It has been raining in Adelaide for several days straight now. Autumn has gone, winter has arrived. I’ve been trying to take the 5×7 Cambo out between the showers to get some photos of the tree roots of Morton Bay Figs. But I’ve had no luck.
Although it is clear blue skies when I leave, the apartment, by the time I get to the location the showers are sweeping across the ground. It clears, but then it is too dark and the light is too flat. So I’m down to quick snaps whilst walking the dogs in the parklands.
I realize that the changes that are slowly taking in the part of the inner city of Adelaide in which I live are an example of the new urbanism. The changes are slow, but there are signs of a reaction to the spreading out of cities, a mixture of work and home emerging, a mixture of classes and a sense of decreasing the dependence on the car.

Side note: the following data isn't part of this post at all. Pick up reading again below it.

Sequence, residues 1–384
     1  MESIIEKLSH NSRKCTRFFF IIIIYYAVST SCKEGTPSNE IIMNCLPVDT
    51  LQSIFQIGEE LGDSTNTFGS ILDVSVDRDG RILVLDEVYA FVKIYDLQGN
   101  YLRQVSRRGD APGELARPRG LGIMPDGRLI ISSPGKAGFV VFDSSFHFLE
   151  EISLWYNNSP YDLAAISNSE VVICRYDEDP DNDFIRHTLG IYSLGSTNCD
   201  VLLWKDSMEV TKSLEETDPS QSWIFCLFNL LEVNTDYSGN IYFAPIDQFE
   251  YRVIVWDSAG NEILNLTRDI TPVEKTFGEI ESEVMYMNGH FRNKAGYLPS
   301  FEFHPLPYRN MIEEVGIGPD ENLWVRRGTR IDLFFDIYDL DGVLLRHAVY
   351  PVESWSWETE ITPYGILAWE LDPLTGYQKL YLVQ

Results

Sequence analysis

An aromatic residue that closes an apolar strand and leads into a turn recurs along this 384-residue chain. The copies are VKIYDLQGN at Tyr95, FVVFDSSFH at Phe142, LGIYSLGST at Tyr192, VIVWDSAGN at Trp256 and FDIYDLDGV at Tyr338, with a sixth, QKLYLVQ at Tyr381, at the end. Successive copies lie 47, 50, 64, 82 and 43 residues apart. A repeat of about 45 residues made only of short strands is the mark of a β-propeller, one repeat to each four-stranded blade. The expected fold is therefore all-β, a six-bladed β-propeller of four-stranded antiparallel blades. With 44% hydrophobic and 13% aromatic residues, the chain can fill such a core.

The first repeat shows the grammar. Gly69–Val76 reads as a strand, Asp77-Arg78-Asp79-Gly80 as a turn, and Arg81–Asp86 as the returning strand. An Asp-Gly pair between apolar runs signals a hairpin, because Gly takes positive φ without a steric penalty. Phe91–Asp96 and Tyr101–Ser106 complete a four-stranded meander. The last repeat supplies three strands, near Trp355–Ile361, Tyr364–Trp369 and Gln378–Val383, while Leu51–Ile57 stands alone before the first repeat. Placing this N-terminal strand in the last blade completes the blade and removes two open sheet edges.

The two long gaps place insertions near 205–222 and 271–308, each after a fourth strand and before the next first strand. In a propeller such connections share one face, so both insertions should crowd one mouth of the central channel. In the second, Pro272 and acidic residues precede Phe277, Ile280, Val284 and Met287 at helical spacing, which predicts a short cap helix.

New Urbanist town planners, developers, architects, and designers try to reduce traffic, eliminate suburban sprawl, and create inner city neighborhoods that resemble an old European village with homes and businesses clustered together.
We are surrounded by the images of our commodity culture whether we are watching tv, walking the streets of the city or working on our computers. The visual signs are everywhere.
Our experience is that we live under the assumption that there is no other way of knowing and being outside the phantasmagoriac realm of representation of commodity culture.